Center for Biological Diversity

For Immediate Release, December 27, 2016

Contact:  Jared Margolis, (802) 310-4054,
Ryan Talbott, (503) 329-9162, 
Jen Miller, (614) 461-0734 X 300,

Oil, Gas Companies Seek Permission to Kill, Harm Imperiled Bats for 50 Years

Proposal Would Allow Increased Habitat Degradation From Extraction, Pipeline Construction  

PORTLAND, Ore.— The U.S. Fish and Wildlife Service is considering an application from nine oil and gas companies that would allow them to avoid liability under the Endangered Species Act for killing and harming protected bats in Ohio, Pennsylvania and West Virginia over the next 50 years. The proposal would cover not only exploration and well development through fracking, but also pipeline construction.

“Oil and gas companies are trying to pull a fast one here by getting a 50-year free pass to kill bats,” said Jared Margolis, an attorney at the Center for Biological Diversity, which filed comments opposing the proposal on behalf of several national and local environmental groups. “As these bat species continue to decline, more must be done to protect their habitat, yet this proposal would authorize companies to do no more than the minimum to mitigate the extremely harmful impacts of their fossil fuel extraction activities.”

The bats at issue include the endangered Indiana bat, the threatened northern long-eared bat and three species that have been proposed for Endangered Species Act protections — the little brown bat, the eastern small-footed bat and the tri-colored bat. These species have been decimated in recent years by white-nose syndrome, a fungal disease that has spread rapidly across the eastern half of the United States, and is estimated to have killed more than 6 million bats in the Northeast and Canada.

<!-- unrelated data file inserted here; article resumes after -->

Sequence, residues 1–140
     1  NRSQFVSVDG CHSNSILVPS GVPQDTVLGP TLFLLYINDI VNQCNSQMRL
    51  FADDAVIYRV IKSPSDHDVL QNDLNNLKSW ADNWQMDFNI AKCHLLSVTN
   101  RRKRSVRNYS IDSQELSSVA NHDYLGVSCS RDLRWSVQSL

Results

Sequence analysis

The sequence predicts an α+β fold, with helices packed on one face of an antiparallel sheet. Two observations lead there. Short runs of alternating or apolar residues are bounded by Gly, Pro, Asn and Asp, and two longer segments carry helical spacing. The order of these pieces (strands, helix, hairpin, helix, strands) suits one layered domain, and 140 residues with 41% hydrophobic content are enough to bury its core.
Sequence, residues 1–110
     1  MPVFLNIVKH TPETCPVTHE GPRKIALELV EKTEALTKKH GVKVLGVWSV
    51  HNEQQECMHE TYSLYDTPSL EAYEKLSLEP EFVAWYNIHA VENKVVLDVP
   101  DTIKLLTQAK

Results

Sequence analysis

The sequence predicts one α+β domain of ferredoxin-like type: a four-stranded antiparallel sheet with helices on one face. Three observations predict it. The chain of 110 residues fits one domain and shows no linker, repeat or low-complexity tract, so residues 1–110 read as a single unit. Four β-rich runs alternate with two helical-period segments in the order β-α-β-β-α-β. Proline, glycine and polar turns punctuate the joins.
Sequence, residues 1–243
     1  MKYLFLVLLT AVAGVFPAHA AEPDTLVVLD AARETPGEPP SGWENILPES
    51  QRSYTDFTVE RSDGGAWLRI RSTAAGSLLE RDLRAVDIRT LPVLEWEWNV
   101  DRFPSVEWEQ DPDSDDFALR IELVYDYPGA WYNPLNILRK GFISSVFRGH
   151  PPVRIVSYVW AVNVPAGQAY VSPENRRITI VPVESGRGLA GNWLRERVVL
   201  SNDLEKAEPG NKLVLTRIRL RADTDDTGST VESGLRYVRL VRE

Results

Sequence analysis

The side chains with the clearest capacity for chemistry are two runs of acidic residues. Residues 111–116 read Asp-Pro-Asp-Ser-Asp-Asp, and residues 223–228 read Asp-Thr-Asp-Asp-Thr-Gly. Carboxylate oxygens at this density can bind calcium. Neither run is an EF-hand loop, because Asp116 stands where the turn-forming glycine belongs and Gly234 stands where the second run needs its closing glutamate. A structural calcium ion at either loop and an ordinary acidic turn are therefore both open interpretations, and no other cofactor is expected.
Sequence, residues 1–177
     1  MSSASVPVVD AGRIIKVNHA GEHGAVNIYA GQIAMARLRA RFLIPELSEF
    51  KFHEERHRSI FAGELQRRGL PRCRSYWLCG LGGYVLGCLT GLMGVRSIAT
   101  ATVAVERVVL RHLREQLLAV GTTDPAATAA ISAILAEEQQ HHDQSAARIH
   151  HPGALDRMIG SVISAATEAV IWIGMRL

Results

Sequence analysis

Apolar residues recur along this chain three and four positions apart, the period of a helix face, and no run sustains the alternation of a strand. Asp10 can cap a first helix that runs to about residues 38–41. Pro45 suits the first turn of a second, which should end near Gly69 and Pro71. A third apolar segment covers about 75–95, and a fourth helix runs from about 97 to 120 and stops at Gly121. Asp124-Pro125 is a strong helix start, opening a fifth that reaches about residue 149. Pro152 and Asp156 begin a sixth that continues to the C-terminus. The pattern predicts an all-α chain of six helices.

“Bat populations are plummeting, and any additional stress or harm to these species and their habitat only exacerbates the risk that they will be lost forever,” said Ryan Talbott, attorney for Allegheny Defense Project. “It’s simply not possible to develop a plan that adequately predicts what management actions may be necessary to protect these species and their habitats over the course of 50 years of oil and gas exploitation.”

The companies have not specified where oil and gas activities and pipeline construction would occur, making it impossible to accurately estimate the harm to the imperiled bat species and the mitigation necessary to avoid cumulative impacts to them, including the effects of climate change. 

“This proposal is biologically indefensible and poses significant risk of harm to bat species,” said Jen Miller, Director of the Sierra Club Ohio Chapter. “These oil and gas activities will pollute the waterways that imperiled bats rely on and exacerbate climate change, pushing these species even closer to the brink of extinction.”  

In recent years populations of North American bats, particularly in the eastern, southern and midwestern United States, have suffered steep declines. Millions of bat fatalities have been attributed to white-nose syndrome, a deadly fungal disease first identified in 2006. The fatal disease affecting hibernating bats is named for a white fungus that appears on the muzzle and other parts of bats. This has resulted in increasingly isolated local populations, which may elevate the risk of the remaining individuals to additional stress.

Oil and gas activities threaten bats’ habitat by reducing and fragmenting areas for foraging and roosting; they risk degradation of streams from spills and contamination. Bats rely on intact, densely vegetated forest for foraging and roosting activities. The removal of trees from forested lands, either by clearcutting or other techniques, and the fragmentation of habitat, whether by logging, road-building, construction of pipeline corridors, or other oil and gas related activities, creates a real threat to the recovery and survival of these vulnerable species.

The Center for Biological Diversity is a national, nonprofit conservation organization with more than 1.1 million members and online activists dedicated to the protection of endangered species and wild places.

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